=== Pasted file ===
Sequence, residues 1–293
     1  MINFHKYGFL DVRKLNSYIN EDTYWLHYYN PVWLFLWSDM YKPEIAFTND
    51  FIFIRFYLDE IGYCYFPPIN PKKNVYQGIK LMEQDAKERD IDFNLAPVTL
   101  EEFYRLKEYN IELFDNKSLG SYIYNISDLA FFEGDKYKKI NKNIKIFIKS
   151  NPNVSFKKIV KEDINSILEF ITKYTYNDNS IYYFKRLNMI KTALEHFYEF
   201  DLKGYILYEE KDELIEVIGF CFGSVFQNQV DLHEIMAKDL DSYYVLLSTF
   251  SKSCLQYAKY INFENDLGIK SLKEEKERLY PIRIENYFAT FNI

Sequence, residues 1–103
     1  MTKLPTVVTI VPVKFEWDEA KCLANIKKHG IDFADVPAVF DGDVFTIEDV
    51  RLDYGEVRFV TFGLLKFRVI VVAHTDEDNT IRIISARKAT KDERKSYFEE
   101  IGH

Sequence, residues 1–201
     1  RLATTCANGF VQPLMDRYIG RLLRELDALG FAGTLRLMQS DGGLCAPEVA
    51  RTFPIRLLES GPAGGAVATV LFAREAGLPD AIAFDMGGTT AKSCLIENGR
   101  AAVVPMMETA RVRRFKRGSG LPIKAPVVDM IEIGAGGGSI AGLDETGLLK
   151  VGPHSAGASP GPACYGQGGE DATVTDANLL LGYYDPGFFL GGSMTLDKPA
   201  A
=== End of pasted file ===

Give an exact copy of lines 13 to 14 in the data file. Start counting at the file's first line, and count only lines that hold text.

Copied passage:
     1  RLATTCANGF VQPLMDRYIG RLLRELDALG FAGTLRLMQS DGGLCAPEVA
    51  RTFPIRLLES GPAGGAVATV LFAREAGLPD AIAFDMGGTT AKSCLIENGR